While soldiers are the iconic victims of conflict, peoples also suffered atrocities during the two world wars. From 1914 to the present, the number of civilian casualties in wars has steadily increased to far exceed those of combatants. The studies conducted on the concept of total war agree to give civilians a major place because it is the whole economy and peoples who are, by choice or by force, in the service of the military system throwing crowds scattered on the roads of deportation, exodus and endless migrations.
Jean-Claude Guillebaud ; journalist, writer.
Civilians have become the "target".
The concept of total war, based on the extermination of civilians, is issued from a great historical break that goes back paradoxically to the "democratization" of the war in the late eighteenth century. Then came the madness of 14-18, and twenty years later that of deliberate bombing. Today, modern wars kill many more civilians than combatants.
Jean-Paul Visse: Historian, journalist.
Civilians in the war through the Nord Pas-de-Calais press.
WW I, WW II, Algeria War, three conflicts in which France is engaged. Three conflicts in which the written press, despite the constraints imposed by the government or the occupier, remains the only and then the main means of information. Three conflicts that are not just battles or a diplomatic game, but where civilians are caught in turmoil. How and under what conditions does the press report on their daily lives, their suffering, especially in a region that, each time, knows a particular situation?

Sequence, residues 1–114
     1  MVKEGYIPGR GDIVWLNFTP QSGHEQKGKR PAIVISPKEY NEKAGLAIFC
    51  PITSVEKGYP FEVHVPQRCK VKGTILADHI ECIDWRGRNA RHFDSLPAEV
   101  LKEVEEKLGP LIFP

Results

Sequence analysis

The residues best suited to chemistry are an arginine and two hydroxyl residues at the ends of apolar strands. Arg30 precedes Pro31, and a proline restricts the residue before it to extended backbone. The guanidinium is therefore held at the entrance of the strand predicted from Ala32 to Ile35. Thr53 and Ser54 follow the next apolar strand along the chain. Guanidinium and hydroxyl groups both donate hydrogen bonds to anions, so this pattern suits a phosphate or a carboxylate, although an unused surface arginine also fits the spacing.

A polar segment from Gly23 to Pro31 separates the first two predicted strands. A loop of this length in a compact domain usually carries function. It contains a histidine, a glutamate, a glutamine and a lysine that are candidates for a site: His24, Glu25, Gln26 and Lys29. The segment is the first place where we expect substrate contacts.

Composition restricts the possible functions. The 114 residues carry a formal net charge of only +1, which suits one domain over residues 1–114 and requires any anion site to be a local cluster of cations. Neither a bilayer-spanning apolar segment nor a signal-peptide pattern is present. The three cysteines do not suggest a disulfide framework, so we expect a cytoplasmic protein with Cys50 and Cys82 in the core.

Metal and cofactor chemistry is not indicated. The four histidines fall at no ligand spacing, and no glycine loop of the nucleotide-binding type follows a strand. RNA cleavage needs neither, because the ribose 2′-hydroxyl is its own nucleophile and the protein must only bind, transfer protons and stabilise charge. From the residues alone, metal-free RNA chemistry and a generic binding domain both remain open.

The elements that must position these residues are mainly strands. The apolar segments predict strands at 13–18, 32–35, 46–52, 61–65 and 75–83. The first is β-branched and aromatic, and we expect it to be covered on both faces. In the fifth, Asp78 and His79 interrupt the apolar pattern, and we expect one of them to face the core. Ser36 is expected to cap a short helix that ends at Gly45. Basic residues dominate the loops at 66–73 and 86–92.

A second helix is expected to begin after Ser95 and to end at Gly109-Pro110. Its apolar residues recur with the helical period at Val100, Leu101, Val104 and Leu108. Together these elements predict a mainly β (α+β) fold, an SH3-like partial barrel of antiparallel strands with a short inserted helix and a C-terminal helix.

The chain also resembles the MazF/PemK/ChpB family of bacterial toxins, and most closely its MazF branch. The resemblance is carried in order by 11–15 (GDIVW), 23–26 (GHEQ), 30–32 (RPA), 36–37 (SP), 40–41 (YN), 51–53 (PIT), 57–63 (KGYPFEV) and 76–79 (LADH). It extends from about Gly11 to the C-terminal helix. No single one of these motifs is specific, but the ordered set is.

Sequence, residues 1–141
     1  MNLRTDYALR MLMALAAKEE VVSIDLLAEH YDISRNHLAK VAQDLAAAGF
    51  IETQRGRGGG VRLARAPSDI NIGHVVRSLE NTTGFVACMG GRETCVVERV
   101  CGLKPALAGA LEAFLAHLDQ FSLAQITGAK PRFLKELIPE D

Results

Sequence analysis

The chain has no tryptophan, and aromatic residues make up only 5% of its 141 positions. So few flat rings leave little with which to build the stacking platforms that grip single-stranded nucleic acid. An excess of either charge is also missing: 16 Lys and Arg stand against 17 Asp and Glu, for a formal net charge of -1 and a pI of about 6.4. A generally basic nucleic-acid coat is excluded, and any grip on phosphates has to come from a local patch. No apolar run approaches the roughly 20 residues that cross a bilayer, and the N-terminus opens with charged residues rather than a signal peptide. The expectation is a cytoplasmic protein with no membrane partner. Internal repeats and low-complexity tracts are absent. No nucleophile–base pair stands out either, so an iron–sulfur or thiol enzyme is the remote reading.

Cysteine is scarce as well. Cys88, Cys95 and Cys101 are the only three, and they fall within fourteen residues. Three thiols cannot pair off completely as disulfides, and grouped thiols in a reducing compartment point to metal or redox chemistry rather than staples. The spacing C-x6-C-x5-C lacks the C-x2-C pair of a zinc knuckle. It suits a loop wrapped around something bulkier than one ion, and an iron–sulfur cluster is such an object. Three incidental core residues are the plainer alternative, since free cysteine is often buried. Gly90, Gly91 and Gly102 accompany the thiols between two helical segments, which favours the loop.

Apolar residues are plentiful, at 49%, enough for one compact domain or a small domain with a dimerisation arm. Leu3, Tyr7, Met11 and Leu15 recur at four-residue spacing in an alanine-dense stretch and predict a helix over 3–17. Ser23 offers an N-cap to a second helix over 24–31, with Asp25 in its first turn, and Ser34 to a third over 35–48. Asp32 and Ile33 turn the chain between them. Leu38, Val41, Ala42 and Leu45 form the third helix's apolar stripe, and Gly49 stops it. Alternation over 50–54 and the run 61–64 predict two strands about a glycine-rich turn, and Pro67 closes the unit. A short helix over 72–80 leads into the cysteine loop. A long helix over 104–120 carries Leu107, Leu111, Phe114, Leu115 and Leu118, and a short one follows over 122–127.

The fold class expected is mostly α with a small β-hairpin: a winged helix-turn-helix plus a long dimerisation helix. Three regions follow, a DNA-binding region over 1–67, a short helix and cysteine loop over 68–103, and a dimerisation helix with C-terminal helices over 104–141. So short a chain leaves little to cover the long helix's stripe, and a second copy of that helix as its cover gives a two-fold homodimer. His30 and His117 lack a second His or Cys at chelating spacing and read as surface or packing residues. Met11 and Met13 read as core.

Eric Vanneufville: Historian.
About the exodus of Belgian civilians to France and Holland from 1914 to 1917.
The elements that will be given will aim at describing and clarifying the solutions adopted and the procedures implemented in various ways, taking into account both the dates of these exoduses,the places of departure and the attitudes and modes of reception of neighboring countries, France and Holland. The description of these movements will suggest the hard complexity of the practical organization of these exoduses, locally or cyclically disordered, demonstrated in particular by individual testimonies of migrants of that time.
Jacqueline Duhem, A. of History, Member of the Historical Society of Villeneuve d'Ascq and the Historical Commission of the french North county
The massacres of civilians in the Nord-Pas-de-Calais in May 1940 : During the west offensive of German troops, millions of Belgian and French civilians tries to flee and will be caught in the fighting between French and British units in full retreat and German units, which, contrary to popular belief, suffer heavy losses. More than 600 civilians, men, women and children, will perish, often in atrocious conditions, victims of the thirst for revenge of SS units but also of the Wehrmacht. The memory of this tragedy of May 1940 was however obscured at the Liberation.
Professor of law history at Lille Catholic Institute, trainer at ENM (National School of Magistracy).
From martyrdom to reconciliation
During WW I, the north of France residents were particularly affected by the retaliatory measures that the Germans subjected them to because of the resistance that they were opposed to them a such level that one can talk about the martyr spirit. Since then, the condition of civilians in the various wars, in France and abroad, has given rise to a multiplication of damaging and irreparable acts, making it difficult then to return to a quiet society. To physical sufferings has been added a crescendo of attacks on human dignity that justice has defined as crimes that can not be forgotten. By this fact reconciliation, therefore, takes time and must be organized in such a way that victims recognized as such can forgive and that commemorations of events lead to a non-forgetfulness of future societies. By this way maybe peace will become sustainable?